Nuremberg Trials (Youtube) (Youtube)
Nuremberg Trials

There are uncanny parallels between the hanging of Haman’s 10 sons in the story of Purim and the hanging of 10 Nazis after the Nuremberg Trials for crimes against humanity.

The haunting connection between these two eras in Jewish history begins with a story from the Talmud in which it is explained that in the Purim story Haman’s daughter committed suicide and thus didn’t need to be hung. Similarly, following the Nuremberg Trials, Hermann Göring, a well known Nazi cross-dresser, also committed suicide and thus was not hung. In fact, Julius Streicher, the Nazi editor of the anti-Semitic Der Stürmer newspaper, even proclaimed before he was hung, “Purim Fest 1946.”

Indeed, given these facts, it appears as if there is merit to the claim that there is a connection between the Purim story and the Nuremberg Trials.

“This is Purim Fest 1946!” Nazi Julius Streicher commented before entering the gallows in the Nuremberg Prison gymnasium on Oct. 16, 1946. (demstuermer.wordpress.com)

“This is Purim Fest 1946!” Nazi Julius Streicher commented before entering the gallows in the Nuremberg Prison gymnasium on Oct. 16, 1946. (demstuermer.wordpress.com)

The Bible specifically states that Haman, the evil Persian Prime Minister who sought to annihilate the Jewish people, was an Agagite. Agag was the King of the Amalekites, implying that all ten sons of Haman were also part of the nation of Amalek. Interestingly, the great Torah sage the Vilna Gaon explained that the Germans are also descendants of the nation of Amelek. Simon Dubnow, Arthur Szyk and Raul Hilberg also identified the Nazis, who sought to eliminate the Jewish people, as being Amalekites. There are also Talmudic passages that mention a nation called Germania during the Roman Diaspora that seem prophetic in retrospect.

The numbers of people executed in both instances and the fact both the Nazis and Haman’s family were purportedly Amalekites are not the only similarities between the Purim story and the Nuremberg Trials.

According to Dr. Moshe Katz of the Hebrew University, “The ten sons of Haman had already been killed, why bother to hang them? In the writings of the Sages and the commentators, we find several ideas that could clarify this: On the word ‘tomorrow,’ in Esther’s request, the Sages comment: ‘There is a tomorrow that is now, and a tomorrow which is later.’ In other words, Esther was asking that the hanging of Haman’s ten sons not remain an isolated episode in history, but should recur in the future, as well.”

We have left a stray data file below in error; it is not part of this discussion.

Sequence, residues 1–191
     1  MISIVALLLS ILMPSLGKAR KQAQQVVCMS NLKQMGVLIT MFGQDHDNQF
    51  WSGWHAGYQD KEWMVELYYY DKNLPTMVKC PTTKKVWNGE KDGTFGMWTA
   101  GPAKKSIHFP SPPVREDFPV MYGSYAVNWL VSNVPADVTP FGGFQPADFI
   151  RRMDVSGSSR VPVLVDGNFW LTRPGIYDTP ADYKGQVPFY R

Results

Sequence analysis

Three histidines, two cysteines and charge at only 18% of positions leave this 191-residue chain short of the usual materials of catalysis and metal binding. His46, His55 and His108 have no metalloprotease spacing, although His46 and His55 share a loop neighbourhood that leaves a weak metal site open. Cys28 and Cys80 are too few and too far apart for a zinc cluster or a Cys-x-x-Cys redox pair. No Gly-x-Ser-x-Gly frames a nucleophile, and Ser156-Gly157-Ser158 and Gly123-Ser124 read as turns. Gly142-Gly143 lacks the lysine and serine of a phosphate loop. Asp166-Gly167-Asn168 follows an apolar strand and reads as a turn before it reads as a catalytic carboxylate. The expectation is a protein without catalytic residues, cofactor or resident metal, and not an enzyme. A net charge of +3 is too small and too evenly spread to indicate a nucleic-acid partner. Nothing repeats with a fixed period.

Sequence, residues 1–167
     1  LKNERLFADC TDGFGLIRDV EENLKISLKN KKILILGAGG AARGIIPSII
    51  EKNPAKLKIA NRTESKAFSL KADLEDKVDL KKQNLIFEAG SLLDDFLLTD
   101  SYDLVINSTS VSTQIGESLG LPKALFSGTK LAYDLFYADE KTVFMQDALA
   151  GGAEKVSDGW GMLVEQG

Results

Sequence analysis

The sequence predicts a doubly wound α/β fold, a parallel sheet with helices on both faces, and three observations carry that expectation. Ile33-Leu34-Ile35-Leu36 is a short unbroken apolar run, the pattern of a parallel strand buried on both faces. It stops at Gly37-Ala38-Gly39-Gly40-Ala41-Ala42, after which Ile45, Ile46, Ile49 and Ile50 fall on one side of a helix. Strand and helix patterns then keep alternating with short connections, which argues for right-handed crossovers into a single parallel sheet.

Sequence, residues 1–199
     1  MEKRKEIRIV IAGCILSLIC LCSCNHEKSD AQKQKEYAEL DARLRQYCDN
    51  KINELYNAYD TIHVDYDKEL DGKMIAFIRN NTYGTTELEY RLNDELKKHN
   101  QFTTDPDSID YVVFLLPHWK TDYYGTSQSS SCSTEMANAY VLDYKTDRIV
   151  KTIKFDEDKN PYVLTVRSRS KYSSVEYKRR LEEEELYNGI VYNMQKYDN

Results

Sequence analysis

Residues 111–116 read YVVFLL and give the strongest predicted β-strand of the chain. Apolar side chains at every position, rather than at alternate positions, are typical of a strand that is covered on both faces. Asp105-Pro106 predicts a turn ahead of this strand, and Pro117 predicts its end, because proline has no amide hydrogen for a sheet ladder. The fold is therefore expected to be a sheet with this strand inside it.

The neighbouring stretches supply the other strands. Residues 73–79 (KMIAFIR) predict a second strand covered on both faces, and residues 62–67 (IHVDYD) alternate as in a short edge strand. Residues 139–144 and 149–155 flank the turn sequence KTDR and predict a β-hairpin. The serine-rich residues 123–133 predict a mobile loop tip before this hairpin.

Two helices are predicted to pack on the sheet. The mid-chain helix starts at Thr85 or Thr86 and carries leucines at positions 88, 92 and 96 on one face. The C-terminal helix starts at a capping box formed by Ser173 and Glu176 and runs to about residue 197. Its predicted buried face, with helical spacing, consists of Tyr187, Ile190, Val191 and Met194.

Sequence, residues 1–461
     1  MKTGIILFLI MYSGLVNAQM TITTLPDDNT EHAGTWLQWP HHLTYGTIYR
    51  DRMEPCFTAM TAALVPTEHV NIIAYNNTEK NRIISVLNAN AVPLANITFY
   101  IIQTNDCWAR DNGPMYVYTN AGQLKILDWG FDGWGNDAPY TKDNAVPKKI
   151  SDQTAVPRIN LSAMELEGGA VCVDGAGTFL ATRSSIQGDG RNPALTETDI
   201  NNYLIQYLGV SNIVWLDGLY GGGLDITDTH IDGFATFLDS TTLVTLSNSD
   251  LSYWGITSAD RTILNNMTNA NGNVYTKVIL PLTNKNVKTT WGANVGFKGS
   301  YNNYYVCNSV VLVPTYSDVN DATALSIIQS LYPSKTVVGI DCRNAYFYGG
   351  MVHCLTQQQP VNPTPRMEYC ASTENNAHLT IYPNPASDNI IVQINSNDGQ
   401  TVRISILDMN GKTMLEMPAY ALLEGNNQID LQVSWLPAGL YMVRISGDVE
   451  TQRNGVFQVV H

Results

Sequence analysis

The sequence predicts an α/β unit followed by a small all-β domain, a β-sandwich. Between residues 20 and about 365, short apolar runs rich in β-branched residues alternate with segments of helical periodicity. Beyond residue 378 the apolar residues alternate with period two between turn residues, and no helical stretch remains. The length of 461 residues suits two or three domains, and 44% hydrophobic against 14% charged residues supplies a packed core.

10 sons of Haman

Names of Haman’s 10 sons who were hanged.

Fascinatingly, one finds in the Book of Esther that four of the Hebrew letters in Haman’s sons names utilize small instead of big characters. Jewish sages have taught throughout the generations that whenever there is a variation in the size of a letter or spelling of a word, it has a specific meaning. Thus, if these four small Hebrew letters are used to represent the Jewish number for recording years, it states the year 5707 on the Jewish calendar. 5707 was the year on the Jewish calendar that the 10 Nazi war criminals were hung for committing genocide against the Jewish people.

As Dr. Moshe Katz proclaimed, “Since the trial was conducted by a military tribunal, the sentence handed down should have been death by firing squad, or by electric chair as practiced in the U.S.A. However, the court specifically prescribed hanging, exactly as in Esther’s original request: ‘…let Haman’s ten sons be hanged.’ Though doubts may linger about the connection between the Book of Esther and the Nazi war criminals, the condemned Julius Streicher certainly had none. Through some insight, Streicher appears to have grasped this link to Purim, as revealed by his final shout, with the noose about his neck, mere seconds before he was hanged.”

By: Rachel Avraham

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